ften inappropriate and politically incorrect, Steve Martin’s 1979 The Jerk is one of his best—and one of the most beloved comedies of all

time. Martin plays Navin R. Johnson, the son of a poor black family of sharecroppers who—despite his exterior complexion—does not realize he is not black, and he is eventually told the ugly truth by his “mother,” and sets out to discover himself and start a new life in St. Louis. Gag-fueled mishaps and adventures subsequently befall the naïve, idiotic Navin—who is elicits many a headshake and sigh by the genius of Martin. Some of his most humorous exploits include his persecution by a crazed man at his first job at a gas

April 17, 2015

Solo and his Wookie sidekick Chewbacca. The film incorporates defining elements of the classic “hero’s journey”—including the climactic and ever redemptive deus ex machina—which also contributes to the scope of the epic. The use of such state of the art special effects most notably contributed to the film making film history as the ultimate science fiction flick.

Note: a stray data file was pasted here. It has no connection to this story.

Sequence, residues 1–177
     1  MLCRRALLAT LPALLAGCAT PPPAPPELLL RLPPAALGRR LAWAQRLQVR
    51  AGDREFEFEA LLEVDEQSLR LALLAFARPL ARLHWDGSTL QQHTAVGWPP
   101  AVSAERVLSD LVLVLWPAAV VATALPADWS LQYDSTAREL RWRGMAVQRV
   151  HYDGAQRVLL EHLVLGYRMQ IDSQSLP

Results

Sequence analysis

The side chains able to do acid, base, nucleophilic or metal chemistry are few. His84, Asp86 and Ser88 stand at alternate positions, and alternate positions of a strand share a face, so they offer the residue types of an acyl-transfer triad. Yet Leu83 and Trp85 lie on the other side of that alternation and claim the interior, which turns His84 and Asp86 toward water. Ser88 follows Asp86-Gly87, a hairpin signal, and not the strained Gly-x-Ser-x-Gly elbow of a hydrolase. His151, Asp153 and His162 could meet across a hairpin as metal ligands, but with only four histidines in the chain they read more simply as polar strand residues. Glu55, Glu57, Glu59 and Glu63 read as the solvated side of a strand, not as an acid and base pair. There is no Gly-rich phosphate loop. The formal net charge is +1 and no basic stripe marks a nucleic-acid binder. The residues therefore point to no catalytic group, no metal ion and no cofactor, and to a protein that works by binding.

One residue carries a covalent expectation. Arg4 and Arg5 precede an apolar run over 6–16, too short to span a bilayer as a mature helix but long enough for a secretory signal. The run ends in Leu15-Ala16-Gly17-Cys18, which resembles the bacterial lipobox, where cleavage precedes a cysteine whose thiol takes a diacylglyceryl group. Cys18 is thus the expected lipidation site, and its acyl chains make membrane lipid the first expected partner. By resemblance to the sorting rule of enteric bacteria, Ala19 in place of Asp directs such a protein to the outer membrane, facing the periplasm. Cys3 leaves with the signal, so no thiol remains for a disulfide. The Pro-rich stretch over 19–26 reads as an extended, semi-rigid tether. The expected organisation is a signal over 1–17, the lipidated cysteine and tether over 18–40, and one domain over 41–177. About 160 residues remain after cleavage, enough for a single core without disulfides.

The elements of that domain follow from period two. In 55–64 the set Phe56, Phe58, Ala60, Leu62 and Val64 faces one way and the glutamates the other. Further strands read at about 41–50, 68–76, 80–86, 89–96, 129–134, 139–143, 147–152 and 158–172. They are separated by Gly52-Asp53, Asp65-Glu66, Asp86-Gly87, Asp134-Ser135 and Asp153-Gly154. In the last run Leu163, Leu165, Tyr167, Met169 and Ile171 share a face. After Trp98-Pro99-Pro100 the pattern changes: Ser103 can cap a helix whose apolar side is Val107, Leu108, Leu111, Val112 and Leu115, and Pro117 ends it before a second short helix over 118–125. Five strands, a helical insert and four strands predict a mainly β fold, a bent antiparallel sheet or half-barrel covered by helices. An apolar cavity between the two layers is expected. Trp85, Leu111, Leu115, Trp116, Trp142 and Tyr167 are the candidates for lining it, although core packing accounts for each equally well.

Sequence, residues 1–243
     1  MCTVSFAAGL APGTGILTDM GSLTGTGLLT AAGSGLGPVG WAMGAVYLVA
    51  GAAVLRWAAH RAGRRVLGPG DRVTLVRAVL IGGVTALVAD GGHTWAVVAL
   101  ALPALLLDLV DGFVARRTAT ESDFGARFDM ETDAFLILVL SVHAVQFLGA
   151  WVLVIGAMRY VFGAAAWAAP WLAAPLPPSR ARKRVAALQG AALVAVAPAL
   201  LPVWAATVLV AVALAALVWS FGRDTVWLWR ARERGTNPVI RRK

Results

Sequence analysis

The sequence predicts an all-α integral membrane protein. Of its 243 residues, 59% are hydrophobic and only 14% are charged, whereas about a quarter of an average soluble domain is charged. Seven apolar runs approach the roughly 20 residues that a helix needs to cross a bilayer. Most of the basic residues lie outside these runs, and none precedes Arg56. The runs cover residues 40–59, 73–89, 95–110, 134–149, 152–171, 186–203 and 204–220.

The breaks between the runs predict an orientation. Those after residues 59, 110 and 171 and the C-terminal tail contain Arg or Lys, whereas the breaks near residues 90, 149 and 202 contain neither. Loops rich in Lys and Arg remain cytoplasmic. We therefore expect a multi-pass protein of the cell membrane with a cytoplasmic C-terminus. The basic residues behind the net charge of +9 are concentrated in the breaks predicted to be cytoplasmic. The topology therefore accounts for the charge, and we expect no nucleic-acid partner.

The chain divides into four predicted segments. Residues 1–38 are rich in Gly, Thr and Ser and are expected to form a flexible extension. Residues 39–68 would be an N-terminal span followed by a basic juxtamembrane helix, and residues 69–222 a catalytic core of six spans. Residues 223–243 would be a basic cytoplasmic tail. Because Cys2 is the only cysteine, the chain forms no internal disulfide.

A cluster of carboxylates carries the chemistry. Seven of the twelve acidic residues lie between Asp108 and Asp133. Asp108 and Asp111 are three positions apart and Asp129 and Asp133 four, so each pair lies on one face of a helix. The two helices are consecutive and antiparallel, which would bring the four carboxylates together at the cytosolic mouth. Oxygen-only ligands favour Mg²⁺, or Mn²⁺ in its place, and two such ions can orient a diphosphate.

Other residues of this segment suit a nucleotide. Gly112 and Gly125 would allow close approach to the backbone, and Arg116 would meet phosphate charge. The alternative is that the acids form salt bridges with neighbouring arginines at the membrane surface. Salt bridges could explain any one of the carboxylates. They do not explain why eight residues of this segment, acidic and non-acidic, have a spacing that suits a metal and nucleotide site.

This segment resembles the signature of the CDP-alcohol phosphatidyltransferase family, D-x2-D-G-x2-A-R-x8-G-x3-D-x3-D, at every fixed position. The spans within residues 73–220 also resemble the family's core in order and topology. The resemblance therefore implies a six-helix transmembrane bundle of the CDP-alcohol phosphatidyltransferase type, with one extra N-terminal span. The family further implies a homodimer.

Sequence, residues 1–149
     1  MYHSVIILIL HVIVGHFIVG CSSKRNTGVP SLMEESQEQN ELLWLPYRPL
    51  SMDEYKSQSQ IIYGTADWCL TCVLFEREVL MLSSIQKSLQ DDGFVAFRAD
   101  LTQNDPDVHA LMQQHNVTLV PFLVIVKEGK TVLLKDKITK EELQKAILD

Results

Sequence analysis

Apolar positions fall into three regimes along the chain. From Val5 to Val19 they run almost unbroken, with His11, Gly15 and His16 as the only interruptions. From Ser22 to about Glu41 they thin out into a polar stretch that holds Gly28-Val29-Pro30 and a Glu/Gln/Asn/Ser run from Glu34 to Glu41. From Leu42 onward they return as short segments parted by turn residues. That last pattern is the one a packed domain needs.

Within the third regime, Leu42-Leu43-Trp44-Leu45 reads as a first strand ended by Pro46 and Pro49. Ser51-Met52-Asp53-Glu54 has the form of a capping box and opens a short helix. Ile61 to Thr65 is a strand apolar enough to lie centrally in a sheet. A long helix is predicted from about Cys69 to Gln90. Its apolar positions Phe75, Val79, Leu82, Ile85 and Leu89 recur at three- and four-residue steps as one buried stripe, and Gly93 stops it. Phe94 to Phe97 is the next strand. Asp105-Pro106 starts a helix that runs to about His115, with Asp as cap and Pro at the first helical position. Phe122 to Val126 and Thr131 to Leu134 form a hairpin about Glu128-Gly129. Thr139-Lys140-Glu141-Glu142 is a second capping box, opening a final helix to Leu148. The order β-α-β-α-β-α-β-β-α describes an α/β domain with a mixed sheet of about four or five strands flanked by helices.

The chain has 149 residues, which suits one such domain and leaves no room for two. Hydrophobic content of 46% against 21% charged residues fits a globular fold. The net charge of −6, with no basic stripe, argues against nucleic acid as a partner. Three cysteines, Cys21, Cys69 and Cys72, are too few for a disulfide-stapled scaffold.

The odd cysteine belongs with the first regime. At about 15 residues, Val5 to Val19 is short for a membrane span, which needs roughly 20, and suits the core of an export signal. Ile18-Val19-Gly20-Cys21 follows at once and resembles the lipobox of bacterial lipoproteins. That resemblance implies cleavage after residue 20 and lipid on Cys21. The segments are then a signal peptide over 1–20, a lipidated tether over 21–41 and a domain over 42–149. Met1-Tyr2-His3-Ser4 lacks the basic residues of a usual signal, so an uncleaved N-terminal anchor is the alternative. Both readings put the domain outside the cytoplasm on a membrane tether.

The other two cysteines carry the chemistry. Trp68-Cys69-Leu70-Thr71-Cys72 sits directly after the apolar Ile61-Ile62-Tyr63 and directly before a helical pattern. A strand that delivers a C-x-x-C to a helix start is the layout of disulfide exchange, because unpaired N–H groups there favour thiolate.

pump, his invention of the handy “Opti-grab”—which at first makes him a billionaire before backfiring on him, as well as his adventures as a carnie where he meets an aggressive stunt rider who vies for his affections. All these make for a rowdy, hilariously stupid ride. Bernadette Peters’ Marie serves as a perfect love interest for the befuddled Navin in her own sweet, naive way. Her presence adds to the film’s witty, endearing nature. Laden with tongue-in-cheek jokes and humor that stems from racial and social naiveties, The Jerk ranks high as one of those winning comedies who is just as hilarious as it is charming.

THE EDGE│arts & entertainment│19



I Was a



Indie Film



with Azul Weber


enior year is a time for reflection, a time to consider what’s come before, a time to consider what comes next, and a time to consider how things could have played out differently. High school yearbooks are there to record what’s come before. High school reunions are there to record what comes next. Others will use iPod playlists to capture those high school years. Others will use Timehop to revisit these four years of young adult life. But whether you see yourself fully captured in the screen of teen movies, know that there must be some element of high school that you’ll see again when you revisit these familiar (and some, not so familiar) films about what it means to be a teenager … … The good, the bad, and the ugly … … And all that played out precisely as it did.